KLI Colloquia are informal, public talks that are followed by extensive dissussions. Speakers are KLI fellows or visiting researchers who are interested in presenting their work to an interdisciplinary audience and discussing it in a wider research context. We offer three types of talks:
1. Current Research Talks. KLI fellows or visiting researchers present and discuss their most recent research with the KLI fellows and the Vienna scientific community.
2. Future Research Talks. Visiting researchers present and discuss future projects and ideas togehter with the KLI fellows and the Vienna scientific community.
3. Professional Developmental Talks. Experts about research grants and applications at the Austrian and European levels present career opportunities and strategies to late-PhD and post-doctoral researchers.
- The presentation language is English.
- If you are interested in presenting your current or future work at the KLI, please contact the Scientific Director or the Executive Manager.
Although a human father invests heavily in his child, he cannot be certain that he is the biological parent in contrast to the mother. When the caring father is not the biological one, a so-called extra-pair paternity (EPP) event occurs. After decades of speculation and many false or biased claims of high EPP frequencies in human populations, which are still referred to in influential scientific literature, reliable data on contemporary populations has become commonly available as by-products of medical studies. Nonetheless, long-term trends in EPP frequencies are still controversial as current measurements may not reflect historical frequencies due to changes in social interactions and recently introduced factors such as contraceptive methods. As a solution, several recent genetic studies calculated the average past EPP rate in Western and African populations over the last 500 years by comparing Y chromosomal (Y-chr) variation between assumed patrilineally related men or genealogical pairs. The genetic genealogical results revealed an overall low rate of cuckolded fathers in the range of 1-2% across contemporary as well as historical human societies. Therefore, this research counters the idea that women routinely ‘shop around’ for good genes by engaging in extra-pair copulations. The estimated past frequencies by genetic genealogy are, however, only yet a mean value which can still differ over time and space within a population due to evolutionary, cultural and socio-demographic factors. During this talk, new results on the spatio-temporal range of EPP rates before, during and after the demographic transition and industrialisation within Western Europe will be presented and discussed.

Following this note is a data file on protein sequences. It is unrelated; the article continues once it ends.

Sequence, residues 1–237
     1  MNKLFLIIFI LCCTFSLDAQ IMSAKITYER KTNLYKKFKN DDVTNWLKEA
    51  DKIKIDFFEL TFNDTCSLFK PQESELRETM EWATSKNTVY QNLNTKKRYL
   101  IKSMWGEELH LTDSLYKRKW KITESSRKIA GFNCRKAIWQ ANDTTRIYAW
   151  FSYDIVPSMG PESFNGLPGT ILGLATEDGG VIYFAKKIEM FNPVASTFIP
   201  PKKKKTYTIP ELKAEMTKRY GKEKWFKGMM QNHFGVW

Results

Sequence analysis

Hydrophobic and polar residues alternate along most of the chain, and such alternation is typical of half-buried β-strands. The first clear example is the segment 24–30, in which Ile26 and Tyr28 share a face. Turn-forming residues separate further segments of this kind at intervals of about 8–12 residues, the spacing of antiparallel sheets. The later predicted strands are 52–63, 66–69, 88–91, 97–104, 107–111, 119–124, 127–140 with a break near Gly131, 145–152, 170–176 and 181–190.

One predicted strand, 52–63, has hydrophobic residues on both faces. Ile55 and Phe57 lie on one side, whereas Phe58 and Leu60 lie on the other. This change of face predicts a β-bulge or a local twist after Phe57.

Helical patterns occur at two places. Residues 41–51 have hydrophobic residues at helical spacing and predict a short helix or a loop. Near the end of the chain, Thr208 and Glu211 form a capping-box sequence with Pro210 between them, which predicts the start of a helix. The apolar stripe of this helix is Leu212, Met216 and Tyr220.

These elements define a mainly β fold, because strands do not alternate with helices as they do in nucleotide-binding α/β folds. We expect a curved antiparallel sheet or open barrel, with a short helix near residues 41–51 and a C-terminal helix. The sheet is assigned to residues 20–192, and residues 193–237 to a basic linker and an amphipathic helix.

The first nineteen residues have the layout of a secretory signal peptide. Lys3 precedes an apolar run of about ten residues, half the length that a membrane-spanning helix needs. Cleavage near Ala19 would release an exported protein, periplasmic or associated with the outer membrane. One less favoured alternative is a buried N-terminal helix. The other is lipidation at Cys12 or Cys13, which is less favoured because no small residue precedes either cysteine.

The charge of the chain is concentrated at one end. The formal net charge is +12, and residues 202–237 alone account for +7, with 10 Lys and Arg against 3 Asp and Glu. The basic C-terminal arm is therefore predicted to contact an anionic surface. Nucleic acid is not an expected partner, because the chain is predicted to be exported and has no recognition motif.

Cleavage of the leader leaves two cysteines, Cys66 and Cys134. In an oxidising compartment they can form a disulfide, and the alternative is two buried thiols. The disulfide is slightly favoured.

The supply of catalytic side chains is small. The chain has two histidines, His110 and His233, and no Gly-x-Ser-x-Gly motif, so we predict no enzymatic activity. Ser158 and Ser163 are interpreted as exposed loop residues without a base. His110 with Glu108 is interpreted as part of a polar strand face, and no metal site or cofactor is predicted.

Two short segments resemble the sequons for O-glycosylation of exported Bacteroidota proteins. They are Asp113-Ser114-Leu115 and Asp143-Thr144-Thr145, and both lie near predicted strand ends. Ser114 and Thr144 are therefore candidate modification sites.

Maarten Larmuseau (°1983) started his scientific research career in 2005 as PhD-student at the Department of Biology of the Catholic University of Leuven (KU Leuven; Belgium), after graduation as a Master in Biology. During his dissertation project, he implemented an interdisciplinary approach by combining population genetics, physiology and ecology to demonstrate local adaption on visual genes in marine fish. After his PhD graduation in 2009, Maarten moved to the Biomedical Sciences Group of the KU Leuven to tackle transdisciplinary research questions by introducing genetic genealogy, which combines human genomic data and in-depth family history. At that time he started to appreciate collaborating with cross-faculty experts going from historians and sociologists to engineers, next to spreading science to the broad public. In 2015 he also joined the research group of Prof Mark Jobling (University of Leicester; UK) as an honorary research fellow to strengthen further his genetic genealogical approach in an interdisciplinary atmosphere. During his postdoctoral research it became clear that this approach is especially powerful to investigate the spatio-temporal variation in human extra-pair paternity (EPP). The following years will be a valuable opportunity for him to realise a thorough research on human EPP behaviour and to answer following overarching research question: “Why change EPP rates within and across human populations, and what are the consequences of this range in EPP behaviour for evolutionary biology, historical demography, forensic genetics and bioethics?”